Community Dental Health

cover art

Cover Date:
June 2014
Print ISSN:
0265 539X

CDH June14 3241-Gatou pp68-74.pdf

Community Dental Health (2014) 31, 68–74 Received 20 June 2013; Accepted 14 November 2013

© BASCD 2014 doi:10.1922/CDH_3241Gatou07

The extent of food advertising to children on Greek television: focus on foods potentially detrimental to oral health

Objectives: To investigate the extent and nature of food advertising to children on Greek television, focusing on the adverts for foods with potential harmful effects on oral health, and to examine the persuasive marketing techniques used to promote food products. Methods: Advertisements broadcast on six TV-channels during children’s peak viewing times on two weekdays and two weekend days in the period May-June 2010 were recorded (166.7 hours). Each advertisement was coded according to: date, day, length, type of program in which the ad appeared, type of product advertised and promotional technique used. Food advertisements were subdivided according to their sugar and/or acid content as potentially harmful or non-harmful to teeth. Results: Food advertisements had an average frequency of 8.0 per hour during children’s peak viewing times with highest frequency (11.4 per hour) on weekends during child-focused programs. Of all advertisements, 1330 (26.7%) were for foods, and 595 (44.7%) of these deemed to be potentially harmful to teeth. The most commonly advertised food product during children’s programs was confectionery, 80 (27.7%). Of food advertisements, 199 (15.0%) used at least one of the promotional techniques likely to appeal to children. Advertisements for foods potentially harmful for teeth were more likely to be shown during child-focused programs (OR 2.92, 95%CI 2.04-4.16) and to promise a free gift with purchase (OR 35.43, 95%CI 10.83-115.88). Conclusion: Children in Greece are exposed to a large volume of advertisements for unhealthy foods and drinks, which intensively use persuasive techniques proved to affect children’s food preferences and consumption. Our study provides evidence that could support advocacy and interventions for the regulation of food advertising.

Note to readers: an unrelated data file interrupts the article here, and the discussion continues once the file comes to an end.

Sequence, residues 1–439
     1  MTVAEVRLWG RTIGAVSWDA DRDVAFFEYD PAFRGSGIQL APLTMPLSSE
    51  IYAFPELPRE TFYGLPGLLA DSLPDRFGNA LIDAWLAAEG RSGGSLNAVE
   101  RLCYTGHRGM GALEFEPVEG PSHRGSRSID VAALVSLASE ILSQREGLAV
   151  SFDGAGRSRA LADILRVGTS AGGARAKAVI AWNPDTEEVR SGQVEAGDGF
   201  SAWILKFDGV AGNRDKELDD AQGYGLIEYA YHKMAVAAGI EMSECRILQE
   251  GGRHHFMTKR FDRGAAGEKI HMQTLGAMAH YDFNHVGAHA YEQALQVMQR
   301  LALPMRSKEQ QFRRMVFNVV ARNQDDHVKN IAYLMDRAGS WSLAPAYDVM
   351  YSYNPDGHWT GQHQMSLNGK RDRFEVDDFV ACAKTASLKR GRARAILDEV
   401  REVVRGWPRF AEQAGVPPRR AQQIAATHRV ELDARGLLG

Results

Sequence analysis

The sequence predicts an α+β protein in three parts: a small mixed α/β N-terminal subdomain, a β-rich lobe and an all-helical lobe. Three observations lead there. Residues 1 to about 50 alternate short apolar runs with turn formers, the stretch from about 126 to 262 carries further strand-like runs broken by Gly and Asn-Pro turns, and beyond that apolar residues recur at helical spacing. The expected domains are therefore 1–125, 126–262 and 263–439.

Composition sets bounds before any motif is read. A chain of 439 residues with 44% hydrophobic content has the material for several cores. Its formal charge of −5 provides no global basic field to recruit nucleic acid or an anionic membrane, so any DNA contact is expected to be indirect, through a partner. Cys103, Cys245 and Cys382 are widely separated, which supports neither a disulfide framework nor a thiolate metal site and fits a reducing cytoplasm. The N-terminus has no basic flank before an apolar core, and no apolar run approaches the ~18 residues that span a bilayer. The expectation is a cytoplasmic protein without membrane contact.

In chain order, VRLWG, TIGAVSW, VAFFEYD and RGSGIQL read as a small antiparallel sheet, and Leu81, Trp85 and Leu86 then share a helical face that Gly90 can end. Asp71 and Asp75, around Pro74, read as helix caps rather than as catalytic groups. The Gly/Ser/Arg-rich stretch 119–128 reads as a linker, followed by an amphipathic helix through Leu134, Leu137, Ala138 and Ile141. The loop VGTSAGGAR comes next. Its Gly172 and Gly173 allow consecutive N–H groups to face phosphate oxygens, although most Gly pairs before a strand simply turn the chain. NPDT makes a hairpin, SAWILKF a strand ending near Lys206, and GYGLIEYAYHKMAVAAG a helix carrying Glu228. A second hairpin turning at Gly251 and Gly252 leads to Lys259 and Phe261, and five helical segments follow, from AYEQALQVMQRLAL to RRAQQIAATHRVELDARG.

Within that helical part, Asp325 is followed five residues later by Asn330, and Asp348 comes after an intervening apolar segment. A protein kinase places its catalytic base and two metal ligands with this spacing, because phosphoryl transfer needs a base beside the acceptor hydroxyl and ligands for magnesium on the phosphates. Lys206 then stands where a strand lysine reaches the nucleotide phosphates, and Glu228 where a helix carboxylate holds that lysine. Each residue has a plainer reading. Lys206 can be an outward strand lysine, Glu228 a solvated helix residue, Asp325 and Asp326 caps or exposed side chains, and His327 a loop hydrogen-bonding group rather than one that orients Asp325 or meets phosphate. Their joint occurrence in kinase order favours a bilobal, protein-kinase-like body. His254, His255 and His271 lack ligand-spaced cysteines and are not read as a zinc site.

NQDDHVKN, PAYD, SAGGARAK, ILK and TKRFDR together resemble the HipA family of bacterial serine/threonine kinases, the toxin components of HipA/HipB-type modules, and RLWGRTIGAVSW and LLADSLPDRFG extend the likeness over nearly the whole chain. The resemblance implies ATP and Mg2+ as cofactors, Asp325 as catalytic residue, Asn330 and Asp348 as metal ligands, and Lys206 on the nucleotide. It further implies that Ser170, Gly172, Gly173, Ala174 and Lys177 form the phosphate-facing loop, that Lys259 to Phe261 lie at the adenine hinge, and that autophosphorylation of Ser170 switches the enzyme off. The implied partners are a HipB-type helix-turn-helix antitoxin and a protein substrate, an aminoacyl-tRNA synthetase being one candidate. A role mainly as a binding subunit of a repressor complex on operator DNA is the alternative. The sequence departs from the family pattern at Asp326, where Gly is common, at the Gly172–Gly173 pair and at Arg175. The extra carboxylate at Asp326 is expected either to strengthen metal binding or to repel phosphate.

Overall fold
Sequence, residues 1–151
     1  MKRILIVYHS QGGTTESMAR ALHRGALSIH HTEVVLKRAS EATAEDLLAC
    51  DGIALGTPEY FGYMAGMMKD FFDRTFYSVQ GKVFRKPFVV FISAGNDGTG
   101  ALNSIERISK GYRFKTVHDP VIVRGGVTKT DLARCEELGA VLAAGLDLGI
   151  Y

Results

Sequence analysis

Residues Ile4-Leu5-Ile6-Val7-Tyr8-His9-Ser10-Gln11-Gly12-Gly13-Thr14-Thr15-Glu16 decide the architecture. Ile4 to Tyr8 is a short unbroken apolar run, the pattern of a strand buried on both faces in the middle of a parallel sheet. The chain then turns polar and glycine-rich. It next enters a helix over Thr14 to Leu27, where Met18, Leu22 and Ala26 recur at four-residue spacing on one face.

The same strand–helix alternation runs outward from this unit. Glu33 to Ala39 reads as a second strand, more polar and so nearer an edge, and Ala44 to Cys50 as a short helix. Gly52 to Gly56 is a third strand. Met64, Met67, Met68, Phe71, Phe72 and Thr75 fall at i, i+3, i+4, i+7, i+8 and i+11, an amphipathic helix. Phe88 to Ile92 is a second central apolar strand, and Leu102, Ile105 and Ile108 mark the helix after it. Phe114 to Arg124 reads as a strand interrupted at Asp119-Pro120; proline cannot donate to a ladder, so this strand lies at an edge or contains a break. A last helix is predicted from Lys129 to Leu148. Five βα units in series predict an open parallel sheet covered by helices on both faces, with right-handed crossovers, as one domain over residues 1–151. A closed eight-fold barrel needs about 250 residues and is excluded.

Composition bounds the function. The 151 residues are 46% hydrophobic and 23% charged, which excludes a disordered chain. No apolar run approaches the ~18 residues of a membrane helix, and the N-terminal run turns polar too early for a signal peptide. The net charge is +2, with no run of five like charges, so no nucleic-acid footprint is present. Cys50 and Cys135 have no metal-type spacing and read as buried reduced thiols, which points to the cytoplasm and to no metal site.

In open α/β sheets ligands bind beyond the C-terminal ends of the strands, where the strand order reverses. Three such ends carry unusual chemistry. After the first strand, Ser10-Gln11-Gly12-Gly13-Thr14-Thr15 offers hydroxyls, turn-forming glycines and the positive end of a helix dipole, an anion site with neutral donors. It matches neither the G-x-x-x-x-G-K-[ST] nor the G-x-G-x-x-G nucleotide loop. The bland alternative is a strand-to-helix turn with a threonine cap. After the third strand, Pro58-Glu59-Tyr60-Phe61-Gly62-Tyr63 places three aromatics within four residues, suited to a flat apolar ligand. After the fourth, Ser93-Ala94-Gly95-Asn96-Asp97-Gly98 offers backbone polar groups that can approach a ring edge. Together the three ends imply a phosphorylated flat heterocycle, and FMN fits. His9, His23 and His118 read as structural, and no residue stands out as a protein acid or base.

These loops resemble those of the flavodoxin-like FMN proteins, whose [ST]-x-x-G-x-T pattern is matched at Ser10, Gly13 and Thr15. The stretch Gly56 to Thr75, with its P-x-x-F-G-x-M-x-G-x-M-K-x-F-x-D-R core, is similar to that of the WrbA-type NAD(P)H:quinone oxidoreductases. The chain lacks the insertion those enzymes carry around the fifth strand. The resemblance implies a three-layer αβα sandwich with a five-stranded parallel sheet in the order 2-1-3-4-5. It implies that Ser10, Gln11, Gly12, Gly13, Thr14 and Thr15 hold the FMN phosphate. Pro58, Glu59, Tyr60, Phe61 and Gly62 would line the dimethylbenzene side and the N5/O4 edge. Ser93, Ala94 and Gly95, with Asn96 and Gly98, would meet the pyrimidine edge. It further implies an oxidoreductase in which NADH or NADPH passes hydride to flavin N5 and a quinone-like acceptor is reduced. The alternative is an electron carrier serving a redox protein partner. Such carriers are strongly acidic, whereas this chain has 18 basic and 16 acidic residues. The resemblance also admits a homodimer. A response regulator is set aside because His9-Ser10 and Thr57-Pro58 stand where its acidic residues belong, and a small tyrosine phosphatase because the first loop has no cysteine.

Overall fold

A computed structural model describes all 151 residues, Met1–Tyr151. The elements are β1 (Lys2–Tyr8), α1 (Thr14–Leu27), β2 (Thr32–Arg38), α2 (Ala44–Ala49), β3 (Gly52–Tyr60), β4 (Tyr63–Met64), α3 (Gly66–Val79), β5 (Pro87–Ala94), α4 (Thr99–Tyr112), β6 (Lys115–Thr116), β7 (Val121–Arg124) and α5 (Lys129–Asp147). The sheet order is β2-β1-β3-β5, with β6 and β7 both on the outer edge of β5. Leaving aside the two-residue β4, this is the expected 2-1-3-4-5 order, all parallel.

Key words: food and beverages, advertisements, persuasive communication, children, oral health

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T. Gatou, E. Mamai-Homata, A. Polychronopoulou, H. Koletsi-Kounari

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